(AFP) – May 27, 2009
WASHINGTON (AFP) — President Barack Obama's national security advisor James Jones rejected ex-vice president Dick Cheney's claim that dismantling Bush-era anti-terror policies had made Americans less safe.
"In my view, I firmly believe that the United States is not only safe but it will be more secure and the American people are increasingly safer because of the president's leadership that he has displayed consistently over the last four months, both at home and abroad," Jones said.
"He has said clearly and unequivocally that we are at war with terroism and terrorism can take many facets," Jones said at the meeting of the Atlantic Council in Washington in the first major speech since taking his new job.
Jones said Obama had enhanced security with his decision to close the Guantanamo Bay war-on-terror camp, with his new strategy of fighting extremism in Afghanistan and Pakistan and in his plan to end the war in Iraq.
Jones also cited Obama's outreach to the Muslim world, including next week's major address in Egypt, renewal of US alliances abroad and his plan to tackle threats as diverse as Iran's nuclear program, climate change and his forthcoming cybersecurity initiative.
The national security advisor did not mention Cheney by name, but his remarks were a clear rejection of the rhetoric of the former vice president, who has mounted a stinging attack on Obama's national security policies.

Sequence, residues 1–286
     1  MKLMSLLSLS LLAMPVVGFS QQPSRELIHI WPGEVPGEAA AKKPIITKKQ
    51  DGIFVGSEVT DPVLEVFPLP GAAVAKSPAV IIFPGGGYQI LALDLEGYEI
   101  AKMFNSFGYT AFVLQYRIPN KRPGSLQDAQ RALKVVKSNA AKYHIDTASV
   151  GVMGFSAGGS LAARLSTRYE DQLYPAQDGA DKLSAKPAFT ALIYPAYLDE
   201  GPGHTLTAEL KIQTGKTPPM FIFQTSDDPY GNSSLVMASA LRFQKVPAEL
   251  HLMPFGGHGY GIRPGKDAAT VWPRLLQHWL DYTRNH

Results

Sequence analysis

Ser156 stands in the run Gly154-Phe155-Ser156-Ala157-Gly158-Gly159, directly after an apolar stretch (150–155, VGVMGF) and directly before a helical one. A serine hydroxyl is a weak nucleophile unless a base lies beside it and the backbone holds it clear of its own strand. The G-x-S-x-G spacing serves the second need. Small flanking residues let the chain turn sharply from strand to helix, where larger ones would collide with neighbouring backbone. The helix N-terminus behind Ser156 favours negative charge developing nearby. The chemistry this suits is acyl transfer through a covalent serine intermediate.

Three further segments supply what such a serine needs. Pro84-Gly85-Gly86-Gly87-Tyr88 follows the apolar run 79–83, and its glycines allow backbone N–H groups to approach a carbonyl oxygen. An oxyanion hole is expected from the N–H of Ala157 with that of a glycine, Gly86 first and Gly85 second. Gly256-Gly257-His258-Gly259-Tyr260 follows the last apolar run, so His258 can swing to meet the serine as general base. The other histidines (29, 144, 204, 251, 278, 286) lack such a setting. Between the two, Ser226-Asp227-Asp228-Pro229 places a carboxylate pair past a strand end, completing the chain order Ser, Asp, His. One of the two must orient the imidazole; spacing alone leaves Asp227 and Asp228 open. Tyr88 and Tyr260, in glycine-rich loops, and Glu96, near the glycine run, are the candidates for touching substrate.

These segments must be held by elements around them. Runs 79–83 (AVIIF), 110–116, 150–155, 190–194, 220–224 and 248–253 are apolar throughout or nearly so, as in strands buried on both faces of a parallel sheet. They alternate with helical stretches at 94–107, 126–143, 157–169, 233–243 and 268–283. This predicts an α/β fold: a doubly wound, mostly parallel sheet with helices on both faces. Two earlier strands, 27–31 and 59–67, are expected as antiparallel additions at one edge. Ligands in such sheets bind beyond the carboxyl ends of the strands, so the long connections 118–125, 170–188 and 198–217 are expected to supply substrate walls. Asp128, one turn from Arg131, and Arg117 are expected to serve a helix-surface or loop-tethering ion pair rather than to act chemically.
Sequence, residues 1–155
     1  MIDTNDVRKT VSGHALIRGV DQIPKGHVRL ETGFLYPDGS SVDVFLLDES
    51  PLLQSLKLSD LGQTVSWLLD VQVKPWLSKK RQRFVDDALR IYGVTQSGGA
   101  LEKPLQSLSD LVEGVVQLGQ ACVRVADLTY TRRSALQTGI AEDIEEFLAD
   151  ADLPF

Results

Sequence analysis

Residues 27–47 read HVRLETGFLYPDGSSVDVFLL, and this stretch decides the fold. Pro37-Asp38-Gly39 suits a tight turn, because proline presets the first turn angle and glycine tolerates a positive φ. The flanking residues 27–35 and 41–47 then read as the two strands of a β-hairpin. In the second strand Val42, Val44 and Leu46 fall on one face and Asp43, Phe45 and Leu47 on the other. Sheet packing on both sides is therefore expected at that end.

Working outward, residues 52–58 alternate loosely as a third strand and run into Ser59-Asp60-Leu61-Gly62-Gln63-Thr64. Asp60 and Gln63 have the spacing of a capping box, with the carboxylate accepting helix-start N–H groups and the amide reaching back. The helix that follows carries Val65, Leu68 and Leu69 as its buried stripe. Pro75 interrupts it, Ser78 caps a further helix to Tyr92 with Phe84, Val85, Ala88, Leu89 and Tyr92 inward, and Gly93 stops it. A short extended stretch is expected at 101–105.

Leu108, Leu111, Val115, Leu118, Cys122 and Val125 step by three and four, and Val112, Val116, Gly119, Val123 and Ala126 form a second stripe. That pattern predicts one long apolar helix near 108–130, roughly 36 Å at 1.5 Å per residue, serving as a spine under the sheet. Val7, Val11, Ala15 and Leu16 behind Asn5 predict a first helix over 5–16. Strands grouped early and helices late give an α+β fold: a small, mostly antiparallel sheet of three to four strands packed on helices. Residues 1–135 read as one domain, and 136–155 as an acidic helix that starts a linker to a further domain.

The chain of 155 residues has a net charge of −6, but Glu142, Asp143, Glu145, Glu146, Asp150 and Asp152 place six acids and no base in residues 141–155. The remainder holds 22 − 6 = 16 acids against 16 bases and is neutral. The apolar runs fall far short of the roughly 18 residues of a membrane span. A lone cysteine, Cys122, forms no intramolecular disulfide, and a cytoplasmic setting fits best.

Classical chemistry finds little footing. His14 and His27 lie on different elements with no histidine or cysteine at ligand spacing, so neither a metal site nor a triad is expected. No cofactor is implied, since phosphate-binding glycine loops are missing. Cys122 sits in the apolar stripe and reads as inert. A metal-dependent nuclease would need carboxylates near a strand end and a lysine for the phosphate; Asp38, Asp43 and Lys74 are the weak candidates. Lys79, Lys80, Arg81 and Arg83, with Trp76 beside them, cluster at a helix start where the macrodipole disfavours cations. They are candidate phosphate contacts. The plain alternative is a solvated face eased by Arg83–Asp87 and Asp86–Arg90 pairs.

Jones however warned that while the administration was striving for perfection, it could not rule out future terrorist attacks.
He also implicitly acknowledged Cheney's role in defending the policies of the former Bush administration, which critics, including Obama, say tainted the US image abroad.
"No administration is going to suggest that their performance had made the country less safe," Jones, a former marine general and NATO commander, said.
Asked by CNN in March if Obama had made the United States more vulnerable by dismantling former president George W. Bush's anti-terror policies, Cheney said bluntly: "I do."
Cheney last week delivered a point-by-point rejection of Obama's national security policy, arguing he was dispensing with policies that kept the country safe following the September 11 attacks in 2001.
"After the most lethal and devastating terrorist attack ever, seven and a half years without a repeat is not a record to be rebuked and scorned, much less criminalized," Cheney said in a speech to the American Enterprise Institute.
"To the very end of our administration we kept Al-Qaeda terrorists busy with other problems.
"We focused on getting their secrets instead of sharing ours with them and on our watch they never hit this country again."
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